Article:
News / Africa

Record Number of Africans Make Journey to Yemen

Ethiopian young girls waiting to travel to Yemen in Bossaso, the commercial city of the semi-autonomous region of Puntland and the launching pad of the people trying to cross the Gulf of Aden to Yemen.
Ethiopian young girls waiting to travel to Yemen in Bossaso, the commercial city of the semi-autonomous region of Puntland and the launching pad of the people trying to cross the Gulf of Aden to Yemen.

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Joe DeCapua
The number of refugees and migrants crossing from the Horn of Africa into Yemen continues at a record pace. Most of the arrivals are Ethiopian.

The U.N. refugee agency says so far this year, nearly 64,000 people crossed the Gulf of Aden or Red Sea to reach Yemen. That compares to about 49,000 during the same period last year, a 30 percent increase.

“What we are seeing over the first seven months of 2012 is a large increase of the number of refugees and migrants arriving from the Horn of Africa to Yemen. Most of these people are migrants who are leaving Ethiopia because they lack economic opportunities there. There was a situation of drought as well,” said UNHCR spokesman Andrej Mahecic.

About four or five years ago, Somalis made up the majority of new arrivals to Yemen. Their numbers have remained fairly stable in recent years, while the number of Ethiopians has steadily increased. If the pace continues, the number of refugees and migrants will surpass last year’s record level of 103,000.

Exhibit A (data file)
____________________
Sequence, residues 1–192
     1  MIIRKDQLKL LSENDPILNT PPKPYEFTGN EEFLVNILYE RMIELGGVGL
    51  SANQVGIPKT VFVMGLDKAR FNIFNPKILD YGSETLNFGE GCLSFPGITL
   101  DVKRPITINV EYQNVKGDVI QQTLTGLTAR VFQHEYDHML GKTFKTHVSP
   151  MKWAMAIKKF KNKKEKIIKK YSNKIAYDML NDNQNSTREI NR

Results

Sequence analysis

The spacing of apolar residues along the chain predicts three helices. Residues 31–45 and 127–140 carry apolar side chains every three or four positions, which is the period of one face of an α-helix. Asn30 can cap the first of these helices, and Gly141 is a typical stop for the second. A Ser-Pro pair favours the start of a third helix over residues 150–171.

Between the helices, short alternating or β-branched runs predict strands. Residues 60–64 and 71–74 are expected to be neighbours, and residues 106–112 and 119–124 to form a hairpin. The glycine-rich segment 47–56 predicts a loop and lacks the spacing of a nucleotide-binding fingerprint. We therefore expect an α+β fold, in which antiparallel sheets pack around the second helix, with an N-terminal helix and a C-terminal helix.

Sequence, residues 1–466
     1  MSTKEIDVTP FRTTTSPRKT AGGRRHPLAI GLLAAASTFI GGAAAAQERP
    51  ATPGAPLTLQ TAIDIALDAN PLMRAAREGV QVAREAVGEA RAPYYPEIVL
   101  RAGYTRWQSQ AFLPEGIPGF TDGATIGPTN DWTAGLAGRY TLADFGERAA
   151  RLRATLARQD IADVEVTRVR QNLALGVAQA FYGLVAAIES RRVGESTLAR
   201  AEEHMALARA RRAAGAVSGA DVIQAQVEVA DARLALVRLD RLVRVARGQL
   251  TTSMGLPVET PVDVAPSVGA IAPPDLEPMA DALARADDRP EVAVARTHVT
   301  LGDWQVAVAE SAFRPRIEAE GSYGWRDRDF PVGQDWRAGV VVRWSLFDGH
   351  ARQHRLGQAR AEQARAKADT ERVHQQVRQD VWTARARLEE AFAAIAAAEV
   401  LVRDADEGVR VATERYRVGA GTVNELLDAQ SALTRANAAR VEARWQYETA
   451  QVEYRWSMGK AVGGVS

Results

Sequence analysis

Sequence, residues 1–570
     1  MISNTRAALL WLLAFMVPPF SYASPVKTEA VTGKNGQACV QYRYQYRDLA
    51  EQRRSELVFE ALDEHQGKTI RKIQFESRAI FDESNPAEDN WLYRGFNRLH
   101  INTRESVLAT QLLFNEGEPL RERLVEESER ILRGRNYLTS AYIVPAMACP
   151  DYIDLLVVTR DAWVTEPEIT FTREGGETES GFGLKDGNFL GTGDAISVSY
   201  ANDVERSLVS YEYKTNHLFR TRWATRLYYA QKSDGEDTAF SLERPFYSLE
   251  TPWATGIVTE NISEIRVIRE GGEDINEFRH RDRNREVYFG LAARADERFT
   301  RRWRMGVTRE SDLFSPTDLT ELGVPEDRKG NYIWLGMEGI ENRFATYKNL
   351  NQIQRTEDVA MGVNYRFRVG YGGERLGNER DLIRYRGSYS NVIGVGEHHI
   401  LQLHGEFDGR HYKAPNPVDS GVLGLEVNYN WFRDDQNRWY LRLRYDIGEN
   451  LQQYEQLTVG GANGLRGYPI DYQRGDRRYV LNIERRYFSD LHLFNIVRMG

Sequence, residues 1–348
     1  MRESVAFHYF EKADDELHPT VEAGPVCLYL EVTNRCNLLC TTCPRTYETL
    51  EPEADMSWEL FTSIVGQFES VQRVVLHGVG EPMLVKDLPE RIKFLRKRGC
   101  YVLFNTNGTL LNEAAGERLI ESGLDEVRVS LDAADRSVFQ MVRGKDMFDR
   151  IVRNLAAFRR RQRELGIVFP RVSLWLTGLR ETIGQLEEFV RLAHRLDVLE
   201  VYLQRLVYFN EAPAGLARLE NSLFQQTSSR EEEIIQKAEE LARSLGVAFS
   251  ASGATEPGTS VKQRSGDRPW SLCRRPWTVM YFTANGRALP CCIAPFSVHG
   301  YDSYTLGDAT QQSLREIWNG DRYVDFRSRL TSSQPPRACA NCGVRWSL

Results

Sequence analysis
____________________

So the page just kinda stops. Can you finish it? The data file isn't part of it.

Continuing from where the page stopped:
The Ethiopians generally are not seeking asylum.

“Most of these people with the interest of reaching other states in the Gulf try to avoid contact with the authorities in Yemen. And this is where they become easy prey for the smugglers in Yemen. And we are aware of the frequent reports of these people being held hostage. Their families [are] being asked for ransom. There are all sorts of abuse, including violence and even sexual abuse. So it is really a hard situation for these people,” he said.

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Most of those crossing to Yemen take the Red Sea route from Djibouti. That trip only lasts a few hours. It may take up to three days to cross the Gulf of Aden. Either way, the most common means of travel is to hire smugglers, who are becoming more organized.

“It has been organized in such a way that those deciding to make the dangerous trip, they are using already established money transfer systems to pay these smugglers, rather than to carry cash. Because often in the past many of these migrants were robbed by the bandits, either en route, or on departure points on the beaches,” he said.

The UNHCR says it expects to see another spike in arrivals in Yemen for August once this month’s figures are complied.

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